HOME VISIT: Sidney Shapiro (second right) chats with his fellow CPPCC National Committee members including Huang Youyi (first left), Vice Chairman of the Translators Association of China, in his Beijing home on March 9, 2013 (JIN LIANGKUAI)
On Nanguanfang Hutong in Beijing's historic Shichahai area located in the heart of the capital city lies a small antiquated courtyard adorned with flowers. For several decades, this was the place that renowned translator and author Sidney Shapiro called home. He arrived in China in 1947 and eventually chose to spend the rest of his life thereafter in the Middle Kingdom.
Now, Shapiro's room lies empty as he passed away at the age of 98 on October 18, 2014, just two months shy of his 99th birthday. Though the man himself has shuffled this mortal coil, his legendary relationship with China remains a mystery to many. Some cannot help but ask why an American would choose to spend over two thirds of his life in China, even going so far as to gain Chinese citizenship in the process.
Before coming to China in 1947, he joined the U.S. Army during World War II and was selected to study Chinese at Cornell University. He traveled to Shanghai that year by ship and through one of his Chinese friends in the United States, he met and quickly fell in love with an actress and author who had graduated from Shanghai's prestigious Fudan University and wrote under the pen name of Fengzi, meaning "phoenix" in Mandarin. The two married in 1948 and their relationship was to last a lifetime, remaining together until her death in 1996.
At that time, the Communist Party of China (CPC) was fighting to overthrow the Kuomintang regime in the second, post-World War II phase of the Chinese Civil War. For Shapiro, Shanghai was an immense disappointment. The city was then ruled by the Kuomintang and much to his dismay, Shapiro found that a wide gap existed between the rich and the impoverished. As a CPC member, Fengzi was secretly offering help to the Party's cause, so Shapiro was presented with the opportunity to get to know many influential Party members who introduced him to the ideologies of Marxism and Leninism.
"I saw that people lived an extremely hard life under the cruel rule of the Kuomintang, with a large number of people starving or freezing to death every day," he told the Guangzhou-based Nanfang Metropolis Daily in 2006. "I realized that only revolution could solve China's problems."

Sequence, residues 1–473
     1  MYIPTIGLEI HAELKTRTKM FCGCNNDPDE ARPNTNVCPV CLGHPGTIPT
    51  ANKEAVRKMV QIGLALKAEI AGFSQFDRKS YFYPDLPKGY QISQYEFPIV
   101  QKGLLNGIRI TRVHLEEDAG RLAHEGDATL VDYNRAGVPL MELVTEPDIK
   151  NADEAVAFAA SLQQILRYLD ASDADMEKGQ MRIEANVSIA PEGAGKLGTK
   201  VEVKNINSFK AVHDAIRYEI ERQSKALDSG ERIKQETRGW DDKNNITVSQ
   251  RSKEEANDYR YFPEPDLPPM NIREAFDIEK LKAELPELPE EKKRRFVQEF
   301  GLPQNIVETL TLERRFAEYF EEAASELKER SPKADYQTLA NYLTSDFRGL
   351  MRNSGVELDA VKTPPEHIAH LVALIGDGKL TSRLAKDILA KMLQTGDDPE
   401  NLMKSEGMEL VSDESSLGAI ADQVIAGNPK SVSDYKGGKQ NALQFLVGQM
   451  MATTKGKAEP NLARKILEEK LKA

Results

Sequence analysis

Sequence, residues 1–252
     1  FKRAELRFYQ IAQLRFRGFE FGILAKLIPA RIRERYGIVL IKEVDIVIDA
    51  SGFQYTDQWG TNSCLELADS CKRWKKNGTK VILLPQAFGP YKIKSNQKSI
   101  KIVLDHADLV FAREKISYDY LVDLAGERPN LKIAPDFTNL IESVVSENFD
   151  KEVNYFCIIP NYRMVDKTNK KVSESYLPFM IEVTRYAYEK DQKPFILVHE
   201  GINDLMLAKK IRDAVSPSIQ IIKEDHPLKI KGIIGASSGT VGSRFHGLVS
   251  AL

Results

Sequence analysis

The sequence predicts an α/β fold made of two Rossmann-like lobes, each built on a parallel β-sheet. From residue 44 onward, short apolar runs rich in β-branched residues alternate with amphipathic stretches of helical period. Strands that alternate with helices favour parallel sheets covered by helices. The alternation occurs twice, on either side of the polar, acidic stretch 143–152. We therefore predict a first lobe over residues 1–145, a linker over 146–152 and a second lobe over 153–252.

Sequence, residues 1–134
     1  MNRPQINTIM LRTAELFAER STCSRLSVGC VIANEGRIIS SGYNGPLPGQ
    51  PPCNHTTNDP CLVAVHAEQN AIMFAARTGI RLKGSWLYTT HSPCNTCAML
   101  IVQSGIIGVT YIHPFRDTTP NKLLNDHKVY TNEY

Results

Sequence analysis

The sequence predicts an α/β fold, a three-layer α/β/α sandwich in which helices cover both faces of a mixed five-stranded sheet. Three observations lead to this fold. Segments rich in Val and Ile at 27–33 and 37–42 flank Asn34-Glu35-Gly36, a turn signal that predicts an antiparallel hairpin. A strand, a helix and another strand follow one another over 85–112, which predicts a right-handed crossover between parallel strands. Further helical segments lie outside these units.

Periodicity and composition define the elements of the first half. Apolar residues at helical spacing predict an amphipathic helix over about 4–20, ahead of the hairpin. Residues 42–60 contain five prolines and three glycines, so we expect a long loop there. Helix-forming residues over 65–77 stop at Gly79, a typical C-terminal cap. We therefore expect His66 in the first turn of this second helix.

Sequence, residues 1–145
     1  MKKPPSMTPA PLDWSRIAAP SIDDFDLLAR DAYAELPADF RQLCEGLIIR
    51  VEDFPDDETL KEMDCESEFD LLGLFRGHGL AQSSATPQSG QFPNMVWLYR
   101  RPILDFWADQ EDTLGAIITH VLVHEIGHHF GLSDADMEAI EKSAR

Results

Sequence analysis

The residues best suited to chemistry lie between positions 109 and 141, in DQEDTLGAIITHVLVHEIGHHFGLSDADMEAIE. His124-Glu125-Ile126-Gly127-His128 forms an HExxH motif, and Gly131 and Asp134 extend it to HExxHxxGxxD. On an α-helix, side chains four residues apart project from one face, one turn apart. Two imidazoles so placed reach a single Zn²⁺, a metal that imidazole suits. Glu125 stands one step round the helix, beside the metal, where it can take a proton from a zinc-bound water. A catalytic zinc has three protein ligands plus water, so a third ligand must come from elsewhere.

Shapiro went on to open a law firm in Shanghai and offered help to Fengzi and her Party comrades. He helped edit an English magazine advocating land reform and provided his office as a meeting venue for secret agents from CPC-controlled areas to discuss how to transport medical supplies to these areas across the Kuomintang's blockades.
Fengzi soon found herself on the Kuomintang's blacklist and the couple was forced to leave Shanghai. They had intended to go to a Communist-controlled area but gave up due to insurmountable difficulties and chose to go to Beijing instead. They arrived in the city in 1948. Compared with contemporary Shanghai, Beijing better fit how Shapiro had envisaged China.
"Beijing was quiet and had beautiful hutongs and the Palace Museum," Shapiro said on a China Central Television talk show in 2006.
In Beijing, Shapiro was invited to attend the founding ceremony of the People's Republic of China on October 1, 1949 together with his wife. "It was a remarkable historic moment. People were so excited that they cried and laughed. At that time, I was curious to see what would become of this country," Shapiro said.
As an American-educated lawyer, Shapiro found it difficult to land a job in Beijing. Instead he engaged in freelance translation at home on a casual basis.
He started by translating the novel Daughters and Sons, which represented the courage of Chinese guerrilla forces in fighting against Japanese invasion during World War II. The English version of the novel was published in the United States in the 1950s.
When he was translating the book, a friend of Fengzi visited the couple and found out that Shapiro was versed in the art of translation. The friend then offered to help Shapiro find a job as a translator with the Bureau for External Cultural Relations.
Shapiro later transferred to the Foreign Languages Press to work for its Chinese Literature magazine as a translator and editor. The monthly magazine, which was established in 1951 and ceased publication in 2001, played an important role in introducing Chinese literary works to the world in the latter half of the 20th century.